Feeds

Ares I-X stuck on the pad

Florida weather halts trailblazing launch

Top three mobile application threats

NASA's Ares I-X is still standing on Kennedy Space Centre's launchpad 39B, following the cancellation of the first trailblazing flight of the Constellation programme.

The Ares I-X on the launchpad earlier today. Pic: NASA TVThe launch was delayed while NASA eyed the skies with suspicion, and a stray cargo ship in the launch danger area prompted a minor scare. Launch Weather Officer Kathy Winters stopped a final countdown due to potential violation of the "triboelectrification rule", and the weather eventually forced a complete scrub.

Launch Test Director Jeff Spaulding said: "We had some opportunities, but just couldn't get there. Weather didn't cooperate."

When the vehicle eventually does make it off the ground (tomorrow, all being well), an active first stage powered by solid rocket boosters will lift a dummy upper stage to an altitude of 40km (25 miles).

Following separation of the two main components, the booster stage is designed to parachute into the Atlantic for recovery by NASA's retrieval ships Freedom Star and Liberty Star, while the dummy elements are consigned to a watery grave.

The Ares I-X flight offers NASA "an early chance to test and prove the new rocket's flight characteristics, hardware, facilities and ground operations", while its 700 sensors will enable the agency to "collect data for use in future exploration missions".

Quite what those missions may be remains to be seen, since the future of the whole Constellation programme is in doubt.

The Obama-appointed committee which reviewed the future of the US's human spaceflight programme reported that without a substantial injection of cash, the US's plans to return to the Moon and set its sights on Mars were on a hike to nowhere.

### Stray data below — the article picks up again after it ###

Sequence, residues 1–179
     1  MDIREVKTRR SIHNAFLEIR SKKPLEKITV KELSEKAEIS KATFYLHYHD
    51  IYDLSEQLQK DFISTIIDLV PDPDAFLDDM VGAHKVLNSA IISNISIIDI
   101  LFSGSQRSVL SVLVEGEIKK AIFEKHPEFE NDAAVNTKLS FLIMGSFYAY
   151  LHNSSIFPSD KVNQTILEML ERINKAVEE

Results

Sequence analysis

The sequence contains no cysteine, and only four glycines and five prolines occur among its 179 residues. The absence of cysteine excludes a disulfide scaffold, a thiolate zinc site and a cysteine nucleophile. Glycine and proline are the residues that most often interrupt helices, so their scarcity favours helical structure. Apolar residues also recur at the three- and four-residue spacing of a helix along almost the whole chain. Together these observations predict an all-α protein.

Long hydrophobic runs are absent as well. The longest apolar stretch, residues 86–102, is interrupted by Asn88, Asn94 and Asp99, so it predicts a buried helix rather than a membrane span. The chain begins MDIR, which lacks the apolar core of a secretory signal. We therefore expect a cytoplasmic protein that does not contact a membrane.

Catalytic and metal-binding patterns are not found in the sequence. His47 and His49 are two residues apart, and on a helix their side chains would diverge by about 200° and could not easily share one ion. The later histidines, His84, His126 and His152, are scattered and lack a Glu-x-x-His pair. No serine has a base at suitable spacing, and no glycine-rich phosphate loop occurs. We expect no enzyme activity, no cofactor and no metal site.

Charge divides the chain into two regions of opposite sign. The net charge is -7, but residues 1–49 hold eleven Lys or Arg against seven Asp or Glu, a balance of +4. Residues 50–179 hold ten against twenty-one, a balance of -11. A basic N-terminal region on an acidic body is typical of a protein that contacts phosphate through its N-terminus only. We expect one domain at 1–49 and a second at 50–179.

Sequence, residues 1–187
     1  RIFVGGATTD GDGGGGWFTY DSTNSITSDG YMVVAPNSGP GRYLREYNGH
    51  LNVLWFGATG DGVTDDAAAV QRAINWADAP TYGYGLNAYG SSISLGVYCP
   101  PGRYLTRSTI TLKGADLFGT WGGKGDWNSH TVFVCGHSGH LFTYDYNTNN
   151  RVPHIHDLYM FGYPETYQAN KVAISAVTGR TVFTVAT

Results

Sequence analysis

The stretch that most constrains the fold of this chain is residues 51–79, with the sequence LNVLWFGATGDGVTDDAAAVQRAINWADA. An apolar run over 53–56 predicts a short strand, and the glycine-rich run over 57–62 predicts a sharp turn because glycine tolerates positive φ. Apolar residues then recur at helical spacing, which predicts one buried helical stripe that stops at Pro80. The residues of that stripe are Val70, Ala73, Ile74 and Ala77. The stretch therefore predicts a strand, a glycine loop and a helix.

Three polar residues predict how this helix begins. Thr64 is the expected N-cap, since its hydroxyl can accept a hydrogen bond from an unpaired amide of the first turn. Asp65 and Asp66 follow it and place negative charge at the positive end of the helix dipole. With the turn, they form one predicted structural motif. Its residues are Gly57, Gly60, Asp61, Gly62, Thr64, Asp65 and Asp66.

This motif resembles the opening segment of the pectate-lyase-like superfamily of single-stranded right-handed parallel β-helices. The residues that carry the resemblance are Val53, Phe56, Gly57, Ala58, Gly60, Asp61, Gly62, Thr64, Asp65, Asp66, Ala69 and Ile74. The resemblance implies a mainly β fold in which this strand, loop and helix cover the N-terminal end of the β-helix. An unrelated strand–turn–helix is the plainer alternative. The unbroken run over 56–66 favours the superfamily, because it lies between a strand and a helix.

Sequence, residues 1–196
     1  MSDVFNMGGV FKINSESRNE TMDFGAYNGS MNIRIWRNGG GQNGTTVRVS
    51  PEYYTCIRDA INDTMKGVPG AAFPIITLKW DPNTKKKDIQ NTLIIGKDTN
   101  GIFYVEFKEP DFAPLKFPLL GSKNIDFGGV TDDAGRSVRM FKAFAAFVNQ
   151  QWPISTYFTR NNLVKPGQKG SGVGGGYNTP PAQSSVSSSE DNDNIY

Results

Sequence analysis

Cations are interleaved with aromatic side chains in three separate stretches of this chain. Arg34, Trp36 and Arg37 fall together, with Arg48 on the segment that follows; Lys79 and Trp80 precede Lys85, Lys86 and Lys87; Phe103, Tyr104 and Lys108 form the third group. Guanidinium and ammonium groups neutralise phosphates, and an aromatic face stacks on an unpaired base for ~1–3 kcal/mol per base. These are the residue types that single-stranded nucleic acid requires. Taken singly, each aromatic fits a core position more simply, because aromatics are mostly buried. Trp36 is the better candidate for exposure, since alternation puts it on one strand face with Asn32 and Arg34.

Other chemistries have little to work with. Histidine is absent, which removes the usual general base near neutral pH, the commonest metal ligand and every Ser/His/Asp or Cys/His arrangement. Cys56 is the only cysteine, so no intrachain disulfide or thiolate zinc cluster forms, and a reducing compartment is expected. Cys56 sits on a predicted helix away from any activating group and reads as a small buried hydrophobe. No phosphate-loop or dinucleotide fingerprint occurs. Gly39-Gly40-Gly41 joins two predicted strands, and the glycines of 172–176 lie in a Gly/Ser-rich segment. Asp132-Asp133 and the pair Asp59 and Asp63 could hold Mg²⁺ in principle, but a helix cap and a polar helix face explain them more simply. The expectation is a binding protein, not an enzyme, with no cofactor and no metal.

Regarding the Ares I, and its intended use to resupply the International Space Station, committee chairman Norman Augustine suggested it would be better to spend the cash elsewhere rather than "running a trucking service to low-Earth orbit".

NASA's full Ares I-X coverage can be found here and the launch blog here. ®

3 Big data security analytics techniques

More from The Register

next story
Fancy joining Reg hack on quid-a-day challenge?
Recruiting now for charity starvation diet
Red-faced LOHAN team 'fesses up in blown SPEARS fuse fiasco
Standing in the corner, big pointy 'D' hats
KILLER SPONGES menacing California coastline
Surfers are safe, crustaceans less so
Opportunity selfie: Martian winds have given the spunky ol' rover a spring cleaning
Power levels up 70 per cent as the rover keeps on truckin'
KILLER ROBOTS, DNA TAMPERING and PEEPING CYBORGS: the future looks bright!
Americans optimistic about technology despite being afraid of EVERYTHING
Discovery time for 200m WONDER MATERIALS shaved from 4 MILLENNIA... to 4 years
Alloy, Alloy: Boffins in speed-classification breakthrough
Elon Musk's LEAKY THRUSTER gas stalls Space Station supply run
Helium seeps from Falcon 9 first stage, delays new legs for NASA robonaut
prev story

Whitepapers

Securing web applications made simple and scalable
In this whitepaper learn how automated security testing can provide a simple and scalable way to protect your web applications.
3 Big data security analytics techniques
Applying these Big Data security analytics techniques can help you make your business safer by detecting attacks early, before significant damage is done.
The benefits of software based PBX
Why you should break free from your proprietary PBX and how to leverage your existing server hardware.
Top three mobile application threats
Learn about three of the top mobile application security threats facing businesses today and recommendations on how to mitigate the risk.
Combat fraud and increase customer satisfaction
Based on their experience using HP ArcSight Enterprise Security Manager for IT security operations, Finansbank moved to HP ArcSight ESM for fraud management.